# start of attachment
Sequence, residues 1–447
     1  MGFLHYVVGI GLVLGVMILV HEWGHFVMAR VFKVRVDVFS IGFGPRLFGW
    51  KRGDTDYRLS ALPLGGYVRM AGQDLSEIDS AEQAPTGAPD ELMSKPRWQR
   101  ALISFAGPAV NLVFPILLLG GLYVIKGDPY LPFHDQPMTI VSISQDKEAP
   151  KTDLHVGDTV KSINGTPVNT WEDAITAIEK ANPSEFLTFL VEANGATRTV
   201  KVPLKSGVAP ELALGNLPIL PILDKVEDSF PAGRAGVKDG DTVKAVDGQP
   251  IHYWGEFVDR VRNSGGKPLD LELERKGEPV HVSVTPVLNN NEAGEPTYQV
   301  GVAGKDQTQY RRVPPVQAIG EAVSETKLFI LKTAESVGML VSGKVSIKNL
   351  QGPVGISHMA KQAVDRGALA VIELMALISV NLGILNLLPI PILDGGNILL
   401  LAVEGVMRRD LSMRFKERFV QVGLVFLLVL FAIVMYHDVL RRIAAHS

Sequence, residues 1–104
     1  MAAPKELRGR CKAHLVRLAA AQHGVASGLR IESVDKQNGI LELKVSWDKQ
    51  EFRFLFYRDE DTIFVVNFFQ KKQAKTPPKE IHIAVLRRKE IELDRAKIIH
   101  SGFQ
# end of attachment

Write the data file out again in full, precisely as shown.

Sequence, residues 1–447
     1  MGFLHYVVGI GLVLGVMILV HEWGHFVMAR VFKVRVDVFS IGFGPRLFGW
    51  KRGDTDYRLS ALPLGGYVRM AGQDLSEIDS AEQAPTGAPD ELMSKPRWQR
   101  ALISFAGPAV NLVFPILLLG GLYVIKGDPY LPFHDQPMTI VSISQDKEAP
   151  KTDLHVGDTV KSINGTPVNT WEDAITAIEK ANPSEFLTFL VEANGATRTV
   201  KVPLKSGVAP ELALGNLPIL PILDKVEDSF PAGRAGVKDG DTVKAVDGQP
   251  IHYWGEFVDR VRNSGGKPLD LELERKGEPV HVSVTPVLNN NEAGEPTYQV
   301  GVAGKDQTQY RRVPPVQAIG EAVSETKLFI LKTAESVGML VSGKVSIKNL
   351  QGPVGISHMA KQAVDRGALA VIELMALISV NLGILNLLPI PILDGGNILL
   401  LAVEGVMRRD LSMRFKERFV QVGLVFLLVL FAIVMYHDVL RRIAAHS

Sequence, residues 1–104
     1  MAAPKELRGR CKAHLVRLAA AQHGVASGLR IESVDKQNGI LELKVSWDKQ
    51  EFRFLFYRDE DTIFVVNFFQ KKQAKTPPKE IHIAVLRRKE IELDRAKIIH
   101  SGFQ